Given that plaques and tangles are impossible to see in living subjects, the holy grail for AD researchers is to find early biomarkers of the disorder. This would allow physicians to detect the disease through a simple test. "Since most of us will get Alzheimer's if we live long enough," Dr. Cohen points out, "the question is not so much who is going to get it, but rather can we predict at what age an individual is likely to develop it?"
Since the seeds of AD may be planted as early as our late teenage years, the potential inherent in early diagnosis is immense. Electromagnetic differences in the brain tell us that individuals in their twenties with a particular gene (APOE-4) activate their brain differently in response to memory tasks—perhaps less efficiently—than those who do not have the gene. "This means that there are differences in the brain well before aging," notes Dr. Cohen. He is preparing a developmental study of people with the APOE to further pursue this tantalizing clue to early signs of vulnerability to AD.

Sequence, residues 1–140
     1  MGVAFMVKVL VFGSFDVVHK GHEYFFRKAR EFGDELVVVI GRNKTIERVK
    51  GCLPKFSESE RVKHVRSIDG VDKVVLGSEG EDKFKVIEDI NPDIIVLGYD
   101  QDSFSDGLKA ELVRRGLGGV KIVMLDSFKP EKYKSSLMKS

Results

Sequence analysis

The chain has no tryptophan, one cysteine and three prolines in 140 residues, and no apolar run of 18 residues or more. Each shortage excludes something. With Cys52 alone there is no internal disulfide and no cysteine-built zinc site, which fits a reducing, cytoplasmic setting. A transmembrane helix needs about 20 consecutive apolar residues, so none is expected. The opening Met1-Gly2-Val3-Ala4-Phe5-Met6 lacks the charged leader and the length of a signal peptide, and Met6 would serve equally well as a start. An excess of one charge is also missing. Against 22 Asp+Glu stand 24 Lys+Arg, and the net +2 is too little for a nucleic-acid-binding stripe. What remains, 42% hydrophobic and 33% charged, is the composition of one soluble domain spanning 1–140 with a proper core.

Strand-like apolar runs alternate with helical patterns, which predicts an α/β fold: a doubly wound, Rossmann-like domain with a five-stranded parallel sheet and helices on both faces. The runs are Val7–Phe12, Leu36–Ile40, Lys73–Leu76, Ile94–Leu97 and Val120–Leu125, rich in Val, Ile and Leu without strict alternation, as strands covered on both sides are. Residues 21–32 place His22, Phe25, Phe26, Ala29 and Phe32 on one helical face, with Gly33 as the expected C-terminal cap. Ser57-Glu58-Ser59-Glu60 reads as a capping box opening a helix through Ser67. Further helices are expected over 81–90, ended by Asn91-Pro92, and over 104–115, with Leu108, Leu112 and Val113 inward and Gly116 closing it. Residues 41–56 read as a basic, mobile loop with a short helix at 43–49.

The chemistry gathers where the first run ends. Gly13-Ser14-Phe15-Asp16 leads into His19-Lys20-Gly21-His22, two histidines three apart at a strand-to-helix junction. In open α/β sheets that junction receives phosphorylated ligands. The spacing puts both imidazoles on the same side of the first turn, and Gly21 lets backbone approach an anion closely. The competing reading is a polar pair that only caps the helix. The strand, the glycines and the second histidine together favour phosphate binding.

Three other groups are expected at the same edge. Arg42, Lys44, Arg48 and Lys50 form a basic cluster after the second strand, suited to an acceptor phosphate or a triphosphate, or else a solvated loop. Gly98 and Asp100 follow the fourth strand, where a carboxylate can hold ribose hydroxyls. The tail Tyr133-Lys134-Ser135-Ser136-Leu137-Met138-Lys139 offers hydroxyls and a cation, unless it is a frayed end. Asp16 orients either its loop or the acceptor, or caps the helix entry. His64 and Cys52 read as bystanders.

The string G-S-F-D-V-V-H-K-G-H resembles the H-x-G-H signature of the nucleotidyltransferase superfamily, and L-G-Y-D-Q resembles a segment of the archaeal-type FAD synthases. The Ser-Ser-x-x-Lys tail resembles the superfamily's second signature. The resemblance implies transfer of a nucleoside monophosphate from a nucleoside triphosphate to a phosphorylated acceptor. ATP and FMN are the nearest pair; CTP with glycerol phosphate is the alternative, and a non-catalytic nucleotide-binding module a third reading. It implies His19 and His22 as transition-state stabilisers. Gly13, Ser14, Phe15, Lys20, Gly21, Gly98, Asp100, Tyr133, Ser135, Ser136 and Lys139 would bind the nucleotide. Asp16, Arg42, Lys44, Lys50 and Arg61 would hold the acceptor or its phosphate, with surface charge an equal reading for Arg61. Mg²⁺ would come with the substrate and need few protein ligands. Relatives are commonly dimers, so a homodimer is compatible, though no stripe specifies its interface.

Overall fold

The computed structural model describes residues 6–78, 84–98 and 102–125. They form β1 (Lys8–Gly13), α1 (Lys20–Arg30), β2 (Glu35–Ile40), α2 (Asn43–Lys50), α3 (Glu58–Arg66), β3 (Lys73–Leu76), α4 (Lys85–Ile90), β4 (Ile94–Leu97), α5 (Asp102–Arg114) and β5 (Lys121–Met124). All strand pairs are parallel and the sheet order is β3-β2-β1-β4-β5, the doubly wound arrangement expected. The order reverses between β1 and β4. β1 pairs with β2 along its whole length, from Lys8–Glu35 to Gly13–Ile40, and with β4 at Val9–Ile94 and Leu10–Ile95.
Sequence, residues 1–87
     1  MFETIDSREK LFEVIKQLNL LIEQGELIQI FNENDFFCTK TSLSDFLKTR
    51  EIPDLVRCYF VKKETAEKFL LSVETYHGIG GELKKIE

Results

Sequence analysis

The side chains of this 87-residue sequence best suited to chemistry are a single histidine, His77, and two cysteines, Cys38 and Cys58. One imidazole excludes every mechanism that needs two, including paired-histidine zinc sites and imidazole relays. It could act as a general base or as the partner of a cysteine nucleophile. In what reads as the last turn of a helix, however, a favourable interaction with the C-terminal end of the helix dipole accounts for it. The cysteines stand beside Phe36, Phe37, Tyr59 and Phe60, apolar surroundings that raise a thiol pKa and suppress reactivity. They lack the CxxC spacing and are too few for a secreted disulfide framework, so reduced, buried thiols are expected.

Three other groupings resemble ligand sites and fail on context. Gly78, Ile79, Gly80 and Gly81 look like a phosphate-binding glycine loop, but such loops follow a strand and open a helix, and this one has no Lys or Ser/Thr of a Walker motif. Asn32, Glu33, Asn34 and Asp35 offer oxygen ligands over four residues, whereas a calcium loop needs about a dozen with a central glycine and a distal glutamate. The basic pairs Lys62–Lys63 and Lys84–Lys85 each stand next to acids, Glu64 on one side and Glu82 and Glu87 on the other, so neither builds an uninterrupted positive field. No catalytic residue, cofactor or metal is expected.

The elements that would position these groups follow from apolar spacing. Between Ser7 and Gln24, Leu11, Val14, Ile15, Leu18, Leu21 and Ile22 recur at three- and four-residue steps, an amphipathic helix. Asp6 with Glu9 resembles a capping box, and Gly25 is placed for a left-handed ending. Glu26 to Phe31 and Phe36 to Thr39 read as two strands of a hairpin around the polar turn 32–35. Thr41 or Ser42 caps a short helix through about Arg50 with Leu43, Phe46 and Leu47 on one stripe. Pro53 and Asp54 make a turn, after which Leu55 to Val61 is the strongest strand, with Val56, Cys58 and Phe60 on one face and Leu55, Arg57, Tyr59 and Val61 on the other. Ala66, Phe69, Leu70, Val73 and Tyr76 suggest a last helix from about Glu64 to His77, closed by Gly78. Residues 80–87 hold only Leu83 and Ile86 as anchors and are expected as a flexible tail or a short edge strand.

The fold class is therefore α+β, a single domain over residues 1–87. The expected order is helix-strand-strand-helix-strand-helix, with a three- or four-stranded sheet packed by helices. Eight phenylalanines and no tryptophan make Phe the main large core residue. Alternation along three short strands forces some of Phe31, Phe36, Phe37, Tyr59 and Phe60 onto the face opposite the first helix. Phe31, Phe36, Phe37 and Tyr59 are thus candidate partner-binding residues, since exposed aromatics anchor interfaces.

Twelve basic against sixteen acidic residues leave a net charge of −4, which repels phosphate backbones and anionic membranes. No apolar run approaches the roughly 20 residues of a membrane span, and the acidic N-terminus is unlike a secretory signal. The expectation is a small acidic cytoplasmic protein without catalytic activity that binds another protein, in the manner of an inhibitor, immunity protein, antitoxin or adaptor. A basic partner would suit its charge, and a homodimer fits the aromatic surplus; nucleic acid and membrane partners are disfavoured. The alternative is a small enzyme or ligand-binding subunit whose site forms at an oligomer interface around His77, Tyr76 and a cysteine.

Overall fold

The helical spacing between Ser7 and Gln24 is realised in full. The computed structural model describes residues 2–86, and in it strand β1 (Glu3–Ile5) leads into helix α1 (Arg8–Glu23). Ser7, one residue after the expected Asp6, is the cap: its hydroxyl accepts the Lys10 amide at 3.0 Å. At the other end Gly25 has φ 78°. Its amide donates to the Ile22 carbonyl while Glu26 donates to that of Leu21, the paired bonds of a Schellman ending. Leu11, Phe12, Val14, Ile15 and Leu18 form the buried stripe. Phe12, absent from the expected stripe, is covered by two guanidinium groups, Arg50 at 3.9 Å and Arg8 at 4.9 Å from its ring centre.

Dr. Cohen's passion for understanding Alzheimer's disease is both professional and deeply personal. In the mid-1990s, he was a scientist with the National Institute of Mental Health (NIMH). For over a decade, much of his research had been focused on Alzheimer's disease. Ten years into his pioneering work, Cohen made a devastating discovery: His father was developing the disease.
"I was the first one to notice the memory problem," he recalls. In common with so many families of those who have the disease, he encountered physicians who failed to make the diagnosis and, when informed, failed to treat him appropriately. "I would say, you have a problem here, you should do x, y and z, and they would say, well, he's 75 years old. Do you expect him to live forever?"
During his father's 10-year decline, Dr. Cohen and his family dealt with a maze of specialists and healthcare providers who did not talk or consult with one another. "I learned what it's like to deal with fragmented treatment systems and, in general, how poor care is for older people."